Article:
From Log Cabin to White House: Presidential Campaign Biographies
For almost 200 years, the campaign biography has been a staple of the American political process. As one commentator has observed, these books (and pamphlets) bring forth "out of the raw material of the candidate's real life the biography of the ideal citizen of the Republic." That such often borders on the mythical is no concern, for if nothing else, campaign biographers are image makers, and if this is true in favorable terms for those whom they support, it is equally true in the unfavorable for those whom they oppose. Authors have ranged from the now well known (Nathaniel Hawthorne, Life of Franklin Pierce, 1852; William Dean Howells, Lives and Speeches of Abraham Lincoln and Hannibal Hamlin, 1860) to anonymous scribblers and obscure hack writers. In 1884, campaign biographies were true to form: they noted their subjects' families, circumstances of birth, the admirable traits of their parents, an education befitting a man of the people, and their engagement in occupations beneficial to the public as a whole. If such works seem to stretch reality or overlook fact at times, it is only because their sole purpose is to promote.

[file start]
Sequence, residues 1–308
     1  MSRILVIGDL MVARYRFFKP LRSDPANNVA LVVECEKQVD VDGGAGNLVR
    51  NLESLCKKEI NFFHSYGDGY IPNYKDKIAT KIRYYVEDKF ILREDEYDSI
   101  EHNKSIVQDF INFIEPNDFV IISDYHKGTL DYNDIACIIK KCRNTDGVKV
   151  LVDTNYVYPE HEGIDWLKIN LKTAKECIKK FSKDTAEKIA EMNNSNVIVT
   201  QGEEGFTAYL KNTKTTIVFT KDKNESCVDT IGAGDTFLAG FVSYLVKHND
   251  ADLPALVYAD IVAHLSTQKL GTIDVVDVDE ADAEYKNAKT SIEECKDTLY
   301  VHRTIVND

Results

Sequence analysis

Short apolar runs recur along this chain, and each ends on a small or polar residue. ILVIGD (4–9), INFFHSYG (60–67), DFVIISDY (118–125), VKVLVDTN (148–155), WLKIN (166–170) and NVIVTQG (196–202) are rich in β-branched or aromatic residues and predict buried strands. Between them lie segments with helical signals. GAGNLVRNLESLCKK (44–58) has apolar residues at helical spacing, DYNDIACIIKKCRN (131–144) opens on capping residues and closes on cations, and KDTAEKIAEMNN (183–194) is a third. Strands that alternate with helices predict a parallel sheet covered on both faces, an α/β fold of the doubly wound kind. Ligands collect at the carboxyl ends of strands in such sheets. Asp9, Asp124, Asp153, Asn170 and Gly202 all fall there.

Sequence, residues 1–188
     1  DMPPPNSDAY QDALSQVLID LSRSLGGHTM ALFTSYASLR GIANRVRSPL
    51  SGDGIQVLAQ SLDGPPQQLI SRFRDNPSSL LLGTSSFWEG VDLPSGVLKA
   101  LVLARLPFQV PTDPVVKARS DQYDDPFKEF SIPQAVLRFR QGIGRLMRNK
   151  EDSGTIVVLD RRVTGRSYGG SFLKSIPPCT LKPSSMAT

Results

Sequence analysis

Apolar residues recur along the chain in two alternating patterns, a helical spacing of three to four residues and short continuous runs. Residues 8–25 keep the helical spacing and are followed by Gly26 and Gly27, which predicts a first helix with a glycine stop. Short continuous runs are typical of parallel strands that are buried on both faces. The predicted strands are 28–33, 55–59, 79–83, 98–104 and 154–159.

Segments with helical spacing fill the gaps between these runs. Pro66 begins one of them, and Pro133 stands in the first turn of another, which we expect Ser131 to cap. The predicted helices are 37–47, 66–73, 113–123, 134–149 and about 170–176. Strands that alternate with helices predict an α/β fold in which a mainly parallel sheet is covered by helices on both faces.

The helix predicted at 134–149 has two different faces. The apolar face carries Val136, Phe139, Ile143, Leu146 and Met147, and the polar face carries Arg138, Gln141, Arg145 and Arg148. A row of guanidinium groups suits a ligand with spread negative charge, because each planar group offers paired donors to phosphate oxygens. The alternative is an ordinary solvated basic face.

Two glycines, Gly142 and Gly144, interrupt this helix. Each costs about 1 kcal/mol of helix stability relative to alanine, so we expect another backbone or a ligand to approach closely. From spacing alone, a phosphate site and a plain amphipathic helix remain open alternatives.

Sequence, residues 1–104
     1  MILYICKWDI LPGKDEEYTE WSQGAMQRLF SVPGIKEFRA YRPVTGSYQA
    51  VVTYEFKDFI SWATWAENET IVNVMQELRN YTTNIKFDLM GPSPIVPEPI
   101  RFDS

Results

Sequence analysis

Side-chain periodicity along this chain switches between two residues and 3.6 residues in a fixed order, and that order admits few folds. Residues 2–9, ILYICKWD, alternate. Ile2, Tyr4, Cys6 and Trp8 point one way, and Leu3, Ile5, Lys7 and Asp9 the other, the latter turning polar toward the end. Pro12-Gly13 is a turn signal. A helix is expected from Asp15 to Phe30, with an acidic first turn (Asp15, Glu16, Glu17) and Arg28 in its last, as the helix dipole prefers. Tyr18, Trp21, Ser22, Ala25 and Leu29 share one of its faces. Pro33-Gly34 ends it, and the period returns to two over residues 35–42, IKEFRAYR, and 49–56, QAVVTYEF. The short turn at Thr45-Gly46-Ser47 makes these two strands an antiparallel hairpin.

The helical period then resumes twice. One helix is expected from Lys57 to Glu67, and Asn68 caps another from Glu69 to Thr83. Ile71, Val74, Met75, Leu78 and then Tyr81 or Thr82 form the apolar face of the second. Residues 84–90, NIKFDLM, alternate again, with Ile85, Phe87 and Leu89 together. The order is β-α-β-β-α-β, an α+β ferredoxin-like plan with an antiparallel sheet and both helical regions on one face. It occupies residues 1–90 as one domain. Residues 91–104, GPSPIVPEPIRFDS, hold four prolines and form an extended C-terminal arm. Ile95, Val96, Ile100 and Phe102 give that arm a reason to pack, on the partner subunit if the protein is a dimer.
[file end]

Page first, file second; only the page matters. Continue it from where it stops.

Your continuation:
Included here are two "anti" biographies. One is a spoof, a four-page folder with two blank pages between title page and "the end," a stark contrast to the more substanial public record of Blaine's own book, Twenty Years of Congress. The other, Life of Grover Cleveland: A Record of Incompetency, Demagoguery and Mediocrity is a Republican hatchet job.